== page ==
We did 3,000 surveys in about 19 counties, 40 localities across the state. The surveys were collected at grocery stores, box stores, et cetera. That's important. It means you're testing people who, by definition, are out of the home and not at work. These are people who are out and about shopping. They were not people who are in their home. They are not people who are isolated. They are not people who are quarantined who could argue probably had a lower rate of infection because they wouldn't come out of the house. These are people who were outside. These are people who were not at work so they're probably not essential workers. So that has to be calibrated.

What we found so far is the statewide number is 13.9 percent tested positive for having the antibodies. What does that mean? It means these are people who were infected and developed the anti-bodies to fight the infection. So they were infected 3 weeks ago, 4 weeks ago, 5 weeks ago, 6 weeks ago, but they had the virus, they developed the antibodies and they are now quote, unquote recovered, 13.9 percent, just about 14 percent.

Breakdown, Female 12 percent positive, males close to 16 percent, 15.9 percent positive. Regionally, Long Island at 16.7, New York City at 21.2, Westchester, Rockland 11.7 and rest of state, 3.6. This basically quantifies what we've been seeing anecdotally and what we have known, but it puts numbers to it. Rest of the state is basically upstate New York, 3.6. It's been about 7-8 percent of the cases that we've had in the state. Westchester, Rockland we had an initial significant problem. Remember Westchester had the largest, hottest cluster in the country at one time. Eleven percent, so it's literally somewhere in between. New York City 21, which again, supports what we knew anecdotally. Long Island, 16.7 so it's not that far behind New York City and it is significantly worse than Westchester, Rockland. We've been talking about Westchester, Rockland and Nassau, Suffolk basically as one. But there is a variation with the Long Island numbers.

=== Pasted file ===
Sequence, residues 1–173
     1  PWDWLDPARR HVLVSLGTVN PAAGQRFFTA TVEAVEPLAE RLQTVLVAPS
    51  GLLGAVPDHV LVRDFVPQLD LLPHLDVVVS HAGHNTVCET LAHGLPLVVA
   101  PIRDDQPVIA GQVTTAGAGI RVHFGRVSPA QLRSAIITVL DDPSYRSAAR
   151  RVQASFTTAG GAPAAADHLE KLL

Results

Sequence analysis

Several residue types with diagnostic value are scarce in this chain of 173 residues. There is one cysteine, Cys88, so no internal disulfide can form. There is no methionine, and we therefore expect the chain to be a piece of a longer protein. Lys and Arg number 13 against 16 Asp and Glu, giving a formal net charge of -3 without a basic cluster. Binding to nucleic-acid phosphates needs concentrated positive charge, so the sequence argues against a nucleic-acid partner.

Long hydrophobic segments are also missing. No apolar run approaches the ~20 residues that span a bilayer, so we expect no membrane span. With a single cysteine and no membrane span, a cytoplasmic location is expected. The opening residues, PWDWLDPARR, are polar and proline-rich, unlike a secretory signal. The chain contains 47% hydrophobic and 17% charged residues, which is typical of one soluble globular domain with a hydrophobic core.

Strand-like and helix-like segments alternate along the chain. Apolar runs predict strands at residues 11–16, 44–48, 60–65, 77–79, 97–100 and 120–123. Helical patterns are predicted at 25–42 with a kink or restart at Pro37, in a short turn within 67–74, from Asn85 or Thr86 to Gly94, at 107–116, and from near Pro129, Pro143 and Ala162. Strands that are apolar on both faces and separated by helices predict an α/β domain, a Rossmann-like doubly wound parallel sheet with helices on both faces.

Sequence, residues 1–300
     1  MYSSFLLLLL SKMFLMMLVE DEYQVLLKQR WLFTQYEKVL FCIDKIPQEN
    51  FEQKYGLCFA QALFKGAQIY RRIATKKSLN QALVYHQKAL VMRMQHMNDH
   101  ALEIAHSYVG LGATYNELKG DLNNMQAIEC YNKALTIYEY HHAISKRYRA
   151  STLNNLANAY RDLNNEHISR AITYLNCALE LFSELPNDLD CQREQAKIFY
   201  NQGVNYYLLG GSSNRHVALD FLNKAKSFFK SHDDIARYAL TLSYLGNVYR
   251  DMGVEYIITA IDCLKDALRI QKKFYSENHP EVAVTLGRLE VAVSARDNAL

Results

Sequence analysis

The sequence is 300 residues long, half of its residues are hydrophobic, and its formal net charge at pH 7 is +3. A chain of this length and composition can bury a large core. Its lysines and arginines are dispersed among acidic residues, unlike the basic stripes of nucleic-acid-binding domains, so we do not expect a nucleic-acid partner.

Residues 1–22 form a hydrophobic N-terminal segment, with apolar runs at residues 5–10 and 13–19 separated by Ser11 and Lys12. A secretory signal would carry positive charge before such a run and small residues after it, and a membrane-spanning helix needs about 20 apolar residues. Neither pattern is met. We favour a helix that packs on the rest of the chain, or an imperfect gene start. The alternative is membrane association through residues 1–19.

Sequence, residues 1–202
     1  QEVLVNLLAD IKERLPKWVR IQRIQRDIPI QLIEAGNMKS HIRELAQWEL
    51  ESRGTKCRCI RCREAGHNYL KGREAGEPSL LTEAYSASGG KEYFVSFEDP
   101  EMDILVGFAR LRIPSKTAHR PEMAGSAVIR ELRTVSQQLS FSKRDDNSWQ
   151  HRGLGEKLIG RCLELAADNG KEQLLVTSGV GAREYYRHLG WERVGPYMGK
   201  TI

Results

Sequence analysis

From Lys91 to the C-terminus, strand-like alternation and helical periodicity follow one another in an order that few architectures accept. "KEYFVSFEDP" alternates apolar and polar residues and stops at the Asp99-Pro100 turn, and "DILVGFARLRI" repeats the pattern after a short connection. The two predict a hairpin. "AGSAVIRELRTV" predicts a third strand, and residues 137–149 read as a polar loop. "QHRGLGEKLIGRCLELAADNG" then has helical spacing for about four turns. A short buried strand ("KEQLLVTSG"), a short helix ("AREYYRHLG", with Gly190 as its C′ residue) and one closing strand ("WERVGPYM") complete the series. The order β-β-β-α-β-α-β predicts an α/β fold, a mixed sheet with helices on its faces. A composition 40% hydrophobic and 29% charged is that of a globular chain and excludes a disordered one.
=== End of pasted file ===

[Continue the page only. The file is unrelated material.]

By race, Asians about 11.7 percent, African-American, 22 percent, Latino, Hispanic, 22 percent, multi none other, 22 percent, white 9.1 percent. This reflects more the regional breakdown, African-American and Latinos are in this survey, disproportionately from New York City, and New York City is at 21 percent. So, the African-American number, Latino number is 22 percent. Upstate, whites, they're talking about more upstate, which is 9, but it's 3.6 in the survey. By age, nothing extraordinary here. We did not survey anyone under 18. So it starts with 18 years old. 18 to 24, 8 percent. 45 to 54, 16. 75 plus, 13.